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January 5, 2021
Juston Moore

Juston Moore

The lead article for this month's issue of @the Bradbury.

Deepfakes: How they deceive us (and how we detect them)

Can you tell if a photo is generated by artificial intelligence (AI)? When is video evidence no evidence at all? What are the pros and cons of creating AI algorithms that have “imagination?”

Monday, Jan. 11, 5:30–7 p.m., Juston Moore, research scientist in the Advanced Cyber Systems group at Los Alamos National Laboratory, leads the virtual conversation, “Deepfakes and the AI-Enabled Misinformation Age,” the latest in the Science on Tap lecture series.

Juston is an expert in adversarial artificial intelligence. He will discuss deepfakes, which are fake images, videos, audio and other media created by artificial intelligence algorithms. While some deepfakes are entertaining, such as actor Nicolas Cage’s face superimposed on Yoda’s body, the potential to make malicious deepfakes of political leaders, false disasters or other misleading content raises questions about the weaponization of information and its impact on law enforcement and national security.

Juston will discuss why we are seeing the emergence of deepfakes now and the potential approaches to reduce risk of AI-generated misinformation.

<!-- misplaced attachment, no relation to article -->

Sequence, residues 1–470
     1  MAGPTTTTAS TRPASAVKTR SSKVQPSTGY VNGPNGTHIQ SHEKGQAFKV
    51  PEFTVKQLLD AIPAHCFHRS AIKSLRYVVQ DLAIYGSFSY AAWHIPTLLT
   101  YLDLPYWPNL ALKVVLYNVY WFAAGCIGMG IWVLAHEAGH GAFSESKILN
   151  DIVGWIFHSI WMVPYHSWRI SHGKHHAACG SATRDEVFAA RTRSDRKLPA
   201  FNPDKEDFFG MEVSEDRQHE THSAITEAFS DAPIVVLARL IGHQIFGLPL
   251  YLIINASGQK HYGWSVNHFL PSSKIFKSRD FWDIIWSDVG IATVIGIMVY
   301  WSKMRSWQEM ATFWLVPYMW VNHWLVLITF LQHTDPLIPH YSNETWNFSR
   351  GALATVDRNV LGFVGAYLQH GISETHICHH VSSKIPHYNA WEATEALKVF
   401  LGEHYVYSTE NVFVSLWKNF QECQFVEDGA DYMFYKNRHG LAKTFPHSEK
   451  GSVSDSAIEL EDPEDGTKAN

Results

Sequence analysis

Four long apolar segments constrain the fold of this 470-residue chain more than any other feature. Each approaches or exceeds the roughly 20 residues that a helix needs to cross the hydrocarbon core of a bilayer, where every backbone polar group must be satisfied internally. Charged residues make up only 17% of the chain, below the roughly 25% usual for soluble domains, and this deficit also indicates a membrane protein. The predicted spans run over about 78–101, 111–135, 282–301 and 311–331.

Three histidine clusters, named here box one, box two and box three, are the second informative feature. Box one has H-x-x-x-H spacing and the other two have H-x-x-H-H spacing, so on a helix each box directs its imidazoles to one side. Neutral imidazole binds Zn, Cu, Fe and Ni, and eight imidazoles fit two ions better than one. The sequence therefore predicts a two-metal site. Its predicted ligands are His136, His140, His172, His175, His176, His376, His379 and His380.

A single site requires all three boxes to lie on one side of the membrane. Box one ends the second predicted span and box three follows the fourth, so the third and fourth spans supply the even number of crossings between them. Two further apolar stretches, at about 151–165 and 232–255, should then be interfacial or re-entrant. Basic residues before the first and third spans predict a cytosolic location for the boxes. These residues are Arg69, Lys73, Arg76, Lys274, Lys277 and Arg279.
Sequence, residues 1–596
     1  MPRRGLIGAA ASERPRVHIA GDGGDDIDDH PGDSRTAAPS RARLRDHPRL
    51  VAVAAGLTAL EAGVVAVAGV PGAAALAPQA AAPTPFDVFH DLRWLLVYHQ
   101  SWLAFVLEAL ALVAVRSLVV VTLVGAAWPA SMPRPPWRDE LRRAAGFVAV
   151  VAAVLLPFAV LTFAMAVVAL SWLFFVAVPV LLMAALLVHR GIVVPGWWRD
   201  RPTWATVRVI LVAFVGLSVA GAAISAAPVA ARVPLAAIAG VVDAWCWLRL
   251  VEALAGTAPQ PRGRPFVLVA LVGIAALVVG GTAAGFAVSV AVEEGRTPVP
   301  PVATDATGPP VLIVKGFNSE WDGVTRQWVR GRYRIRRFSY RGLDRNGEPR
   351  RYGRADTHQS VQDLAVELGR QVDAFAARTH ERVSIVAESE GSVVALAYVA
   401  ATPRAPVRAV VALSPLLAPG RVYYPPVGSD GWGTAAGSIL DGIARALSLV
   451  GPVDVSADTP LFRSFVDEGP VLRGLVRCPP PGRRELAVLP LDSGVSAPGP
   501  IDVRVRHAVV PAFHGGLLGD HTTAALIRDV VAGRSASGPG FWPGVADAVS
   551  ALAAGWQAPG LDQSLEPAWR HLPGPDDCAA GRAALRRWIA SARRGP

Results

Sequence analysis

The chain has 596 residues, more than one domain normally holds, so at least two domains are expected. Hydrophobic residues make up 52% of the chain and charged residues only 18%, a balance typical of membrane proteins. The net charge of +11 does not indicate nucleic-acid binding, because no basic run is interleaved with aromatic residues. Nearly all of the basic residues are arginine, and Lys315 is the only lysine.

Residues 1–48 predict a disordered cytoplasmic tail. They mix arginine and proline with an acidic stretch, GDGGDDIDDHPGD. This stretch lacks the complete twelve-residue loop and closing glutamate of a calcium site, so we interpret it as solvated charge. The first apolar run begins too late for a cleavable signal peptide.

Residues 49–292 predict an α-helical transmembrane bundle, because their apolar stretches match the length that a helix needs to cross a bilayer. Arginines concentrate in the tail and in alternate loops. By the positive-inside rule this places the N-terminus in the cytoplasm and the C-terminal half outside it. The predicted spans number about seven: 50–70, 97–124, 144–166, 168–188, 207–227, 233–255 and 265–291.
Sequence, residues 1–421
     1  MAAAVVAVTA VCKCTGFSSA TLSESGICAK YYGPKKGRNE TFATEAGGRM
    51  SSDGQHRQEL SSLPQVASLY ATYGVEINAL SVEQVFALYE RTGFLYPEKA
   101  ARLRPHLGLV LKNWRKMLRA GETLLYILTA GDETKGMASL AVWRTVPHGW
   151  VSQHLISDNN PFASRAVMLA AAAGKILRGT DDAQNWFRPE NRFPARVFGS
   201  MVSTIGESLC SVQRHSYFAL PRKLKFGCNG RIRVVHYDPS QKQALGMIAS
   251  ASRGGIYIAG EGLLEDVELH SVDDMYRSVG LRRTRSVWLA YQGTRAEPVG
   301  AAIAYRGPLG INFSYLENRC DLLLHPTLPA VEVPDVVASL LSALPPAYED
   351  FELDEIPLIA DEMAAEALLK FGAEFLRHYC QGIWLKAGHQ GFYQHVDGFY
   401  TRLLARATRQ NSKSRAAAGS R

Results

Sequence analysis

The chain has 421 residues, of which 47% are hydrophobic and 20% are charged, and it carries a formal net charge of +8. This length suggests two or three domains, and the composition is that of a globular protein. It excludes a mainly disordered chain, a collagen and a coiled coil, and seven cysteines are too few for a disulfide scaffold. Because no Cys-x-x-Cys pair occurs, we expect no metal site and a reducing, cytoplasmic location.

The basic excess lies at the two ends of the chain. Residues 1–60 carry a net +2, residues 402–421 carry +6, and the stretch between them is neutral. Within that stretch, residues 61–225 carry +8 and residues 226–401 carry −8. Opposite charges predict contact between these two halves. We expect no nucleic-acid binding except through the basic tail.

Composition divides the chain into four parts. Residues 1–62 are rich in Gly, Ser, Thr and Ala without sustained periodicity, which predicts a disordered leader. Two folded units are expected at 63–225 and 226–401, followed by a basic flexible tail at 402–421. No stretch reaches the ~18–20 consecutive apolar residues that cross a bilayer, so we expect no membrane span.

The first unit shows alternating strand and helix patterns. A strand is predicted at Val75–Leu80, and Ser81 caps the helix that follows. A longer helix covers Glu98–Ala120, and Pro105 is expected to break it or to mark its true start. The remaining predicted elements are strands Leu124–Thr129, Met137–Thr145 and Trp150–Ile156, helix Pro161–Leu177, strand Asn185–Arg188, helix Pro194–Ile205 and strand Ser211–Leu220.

Juston received a bachelor’s in computer science from New Mexico Institute of Mining and Technology and a master’s in computer science from the University of Massachusetts, Amherst. He joined the Lab as a graduate research assistant and has been a cyber data scientist since 2016. Juston’s research applies machine learning and statistics to solve problems in network security and information assurance. His primary contributions at Los Alamos include developing REDUCE, an open-source toolset for statistically guided malware analysis, and leading a team to build detectors for deepfake images and videos.

Science on Tap is a convivial opportunity to engage with Lab scientists on their current projects. A brief presentation is followed by questions, answers and discussion. The fun takes place on the third Monday of each month from 5:30 to 7 p.m. virtually — and eventually at local watering holes in Los Alamos and White Rock. The free lecture series is a joint project between the Bradbury and the Los Alamos Creative District.